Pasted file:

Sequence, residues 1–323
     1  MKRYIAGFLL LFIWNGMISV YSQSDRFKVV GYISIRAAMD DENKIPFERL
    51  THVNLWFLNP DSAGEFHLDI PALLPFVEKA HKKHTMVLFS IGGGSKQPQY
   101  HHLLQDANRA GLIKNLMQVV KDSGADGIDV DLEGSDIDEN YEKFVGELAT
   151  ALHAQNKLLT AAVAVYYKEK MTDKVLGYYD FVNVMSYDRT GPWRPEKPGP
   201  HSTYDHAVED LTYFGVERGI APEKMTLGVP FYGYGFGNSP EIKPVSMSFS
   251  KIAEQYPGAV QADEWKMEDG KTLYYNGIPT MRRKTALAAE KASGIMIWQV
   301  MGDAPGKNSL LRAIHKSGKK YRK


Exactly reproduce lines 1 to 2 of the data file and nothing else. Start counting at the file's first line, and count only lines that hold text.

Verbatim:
Sequence, residues 1–323
     1  MKRYIAGFLL LFIWNGMISV YSQSDRFKVV GYISIRAAMD DENKIPFERL